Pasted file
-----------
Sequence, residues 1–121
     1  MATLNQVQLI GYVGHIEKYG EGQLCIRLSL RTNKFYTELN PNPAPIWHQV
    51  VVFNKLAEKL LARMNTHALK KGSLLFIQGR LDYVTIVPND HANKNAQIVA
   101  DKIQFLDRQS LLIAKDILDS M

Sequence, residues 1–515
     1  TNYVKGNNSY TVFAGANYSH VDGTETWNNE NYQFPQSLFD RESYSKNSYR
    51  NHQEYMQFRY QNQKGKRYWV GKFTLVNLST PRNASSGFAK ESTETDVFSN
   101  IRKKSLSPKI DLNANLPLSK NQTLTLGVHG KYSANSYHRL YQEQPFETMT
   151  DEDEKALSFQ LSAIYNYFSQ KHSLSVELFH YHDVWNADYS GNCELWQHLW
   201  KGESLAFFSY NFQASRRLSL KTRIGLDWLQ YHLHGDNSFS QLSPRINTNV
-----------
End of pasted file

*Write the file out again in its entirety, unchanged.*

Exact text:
Sequence, residues 1–121
     1  MATLNQVQLI GYVGHIEKYG EGQLCIRLSL RTNKFYTELN PNPAPIWHQV
    51  VVFNKLAEKL LARMNTHALK KGSLLFIQGR LDYVTIVPND HANKNAQIVA
   101  DKIQFLDRQS LLIAKDILDS M

Sequence, residues 1–515
     1  TNYVKGNNSY TVFAGANYSH VDGTETWNNE NYQFPQSLFD RESYSKNSYR
    51  NHQEYMQFRY QNQKGKRYWV GKFTLVNLST PRNASSGFAK ESTETDVFSN
   101  IRKKSLSPKI DLNANLPLSK NQTLTLGVHG KYSANSYHRL YQEQPFETMT
   151  DEDEKALSFQ LSAIYNYFSQ KHSLSVELFH YHDVWNADYS GNCELWQHLW
   201  KGESLAFFSY NFQASRRLSL KTRIGLDWLQ YHLHGDNSFS QLSPRINTNV